Copyright 1999 Reed Business Information, Inc. --This text refers to an out of print or unavailable edition of this title.

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John Randall was in 1939 a thirty-four-year-old English physicist who had made an undistinguished career in solid-state physics. Read the first page
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Customer Reviews

4.3 out of 5 stars
4.3 out of 5 stars
Most helpful customer reviews
Rating: "A/A+" -- another excellent essay collection by an
outstanding scientist-writer.
_The Sun, the Genome, and the Internet_ covers scientific
revolutions, technology & social justice, and the exploration &
colonization of space: familiar Dyson topics all, and delivered with
his usual grace. The three items in the title are Dyson's hope for
generating wealth in the world's poor villages: the sun for cheap
solar power, the Net to end rural isolation, and genetic engineering
for better crop plants. For example, he presents the hope of
engineering "trees that convert sunlight to liquid fuel and deliver
the fuel directly underground pipelines." A neat solution to
declining oil reserves, if it works. Dyson cheerfully admits his
record as a prophet is mixed, but "it is better to be wrong than to be
Fresh and unexpected insights are a frequent pleasure in this
(and other) Dyson books. For instance, he describes his
mother and aunts, prosperous British matrons all, who, in the
interval between the World Wars, accomplished such things as
opening a birth-control clinic, managing a large hospital, winning
an Olympic medal, and pioneering aviation in Africa -- "it was
considered normal at the time for middle-class women to do
something spectacular." They were able to do this only with the
support of a large servant class. The introduction of labor-saving
appliances helped to emancipate the servants, but left middle-class
women less free than before, a general pattern, says Dyson: "the
burdens of equalization fall disproportionately on women.
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This superb book by Freeman Dyson was largely based on the 'Three Faces of Science' lectures he gave at the New York Public Library in 1997. It consists of three chapters.
Dyson revisits scientific disciplines that have come about as a result of brilliant minds exploring a previously unexisting path of research. In doing so, he makes an effort to extrapolate out of today's most rapidly growing areas of science (molecular biology and astronomy) what the future scientific revolutions might be like, and gives wise words of advise to medical scientists and biologists on how to make faster progress in their disciplines by changing some of their fundamental research paradigms, learning from the ways of astronomers.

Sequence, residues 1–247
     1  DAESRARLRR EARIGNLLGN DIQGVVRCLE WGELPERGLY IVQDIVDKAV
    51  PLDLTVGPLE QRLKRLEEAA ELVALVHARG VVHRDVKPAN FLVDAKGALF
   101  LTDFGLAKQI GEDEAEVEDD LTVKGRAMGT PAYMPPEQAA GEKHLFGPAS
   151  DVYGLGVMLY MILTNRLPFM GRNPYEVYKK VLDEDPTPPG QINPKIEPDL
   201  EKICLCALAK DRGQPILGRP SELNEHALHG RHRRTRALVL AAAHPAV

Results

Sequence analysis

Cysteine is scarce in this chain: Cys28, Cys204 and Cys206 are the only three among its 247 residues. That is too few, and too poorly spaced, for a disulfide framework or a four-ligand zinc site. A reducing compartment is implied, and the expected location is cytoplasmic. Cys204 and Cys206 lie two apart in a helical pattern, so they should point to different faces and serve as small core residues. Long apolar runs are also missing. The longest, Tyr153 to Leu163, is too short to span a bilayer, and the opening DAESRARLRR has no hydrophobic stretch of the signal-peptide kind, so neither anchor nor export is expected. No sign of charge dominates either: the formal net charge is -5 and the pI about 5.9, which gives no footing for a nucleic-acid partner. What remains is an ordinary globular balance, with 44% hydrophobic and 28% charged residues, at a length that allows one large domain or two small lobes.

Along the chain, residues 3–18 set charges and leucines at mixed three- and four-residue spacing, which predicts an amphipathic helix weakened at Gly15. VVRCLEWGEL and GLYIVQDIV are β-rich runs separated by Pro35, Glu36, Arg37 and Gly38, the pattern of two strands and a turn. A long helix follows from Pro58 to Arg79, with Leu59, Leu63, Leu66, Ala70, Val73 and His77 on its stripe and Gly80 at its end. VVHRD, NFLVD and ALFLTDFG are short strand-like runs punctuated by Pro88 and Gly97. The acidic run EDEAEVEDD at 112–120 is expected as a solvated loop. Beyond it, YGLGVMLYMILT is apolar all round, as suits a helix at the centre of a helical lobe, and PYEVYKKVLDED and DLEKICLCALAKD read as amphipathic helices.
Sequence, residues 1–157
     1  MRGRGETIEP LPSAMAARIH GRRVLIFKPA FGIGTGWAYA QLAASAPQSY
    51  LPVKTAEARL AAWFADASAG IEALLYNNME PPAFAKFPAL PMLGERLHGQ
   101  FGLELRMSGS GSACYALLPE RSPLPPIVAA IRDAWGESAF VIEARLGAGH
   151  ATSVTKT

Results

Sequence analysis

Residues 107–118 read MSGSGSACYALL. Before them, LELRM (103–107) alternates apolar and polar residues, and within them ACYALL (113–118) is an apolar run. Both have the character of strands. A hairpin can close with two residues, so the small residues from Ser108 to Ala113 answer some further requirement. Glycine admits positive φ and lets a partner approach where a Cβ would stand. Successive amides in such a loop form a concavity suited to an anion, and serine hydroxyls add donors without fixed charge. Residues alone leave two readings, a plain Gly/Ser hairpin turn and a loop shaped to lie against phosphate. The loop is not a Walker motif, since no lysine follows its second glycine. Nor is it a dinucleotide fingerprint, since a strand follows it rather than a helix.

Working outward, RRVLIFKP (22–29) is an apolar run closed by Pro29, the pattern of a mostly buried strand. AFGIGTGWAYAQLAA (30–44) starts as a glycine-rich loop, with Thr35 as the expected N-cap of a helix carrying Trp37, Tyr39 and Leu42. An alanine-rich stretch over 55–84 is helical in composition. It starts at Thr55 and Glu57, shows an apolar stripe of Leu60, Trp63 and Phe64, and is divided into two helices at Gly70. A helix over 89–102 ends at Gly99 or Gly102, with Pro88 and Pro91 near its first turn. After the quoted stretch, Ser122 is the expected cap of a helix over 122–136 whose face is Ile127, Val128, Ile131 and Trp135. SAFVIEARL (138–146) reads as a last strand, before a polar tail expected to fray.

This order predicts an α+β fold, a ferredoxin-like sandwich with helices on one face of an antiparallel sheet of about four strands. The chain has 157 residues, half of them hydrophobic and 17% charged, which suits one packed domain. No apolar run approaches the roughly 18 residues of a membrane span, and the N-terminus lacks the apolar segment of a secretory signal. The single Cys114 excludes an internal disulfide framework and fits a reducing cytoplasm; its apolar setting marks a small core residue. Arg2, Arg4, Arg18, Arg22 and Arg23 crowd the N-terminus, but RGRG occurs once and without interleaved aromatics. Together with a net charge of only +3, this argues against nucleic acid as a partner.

In more than one way, it reminds me of a very pivotal article written not too long ago by Sun Microsystem's Bill Joy in Wired Magazine, which dealt with genetic engineering, robotics and nanotechnology, and their ethical implications.
Dyson's new list of important things for us to 'worry' about gave way to the book's title. He looks "for ways in which technology may contribute to social justice..." by mitigating evils such as rural poverty. This chapter is a brilliant exercise in which Dyson puts his mind to fly and actually makes his vision very easy to grasp by non-technical readers. When you read through the chapter you can almost feel that his vision is happening already, although there are some very real and respectable hurdles still separating us from it, which need to be overcome.
Although the book consists of three chapters, the reason for the title is more aptly dealt with in chapters 1 and 2.
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5.0 out of 5 stars Optimistic Dyson and his book. June 11 2001
This small book contains of such an inspirational reading. So long many scientists have predicted the future of this world in a sort of deterioration. Freeman J. Dyson is among the one who look at the future in a different way. He believes that the scientific revolution in the next century will be driven by the development of tools. Dyson picks up the most important tools in his viewpoint which are The sun, Genome, and internet. The energy from the sun to fullfill the requirement of people and replace the old kind of energy, the genome studying to make a better life for human beings. And the internet to connect all people around the world together. He makes a very insightful comment and eye-opening thought throughout this book. The most impressive part is about the comment he mention in the book about the improvement of society. He believes that "ethical" technology leads by human will reflect to the development of better life toward poor people rather than geeting the money from rich people. This will finally be "an equal" society. Pick this "Gem" book. It's small and it won't take long time to finish. It's not complicated but it will stick within your brain and make you think about it for long.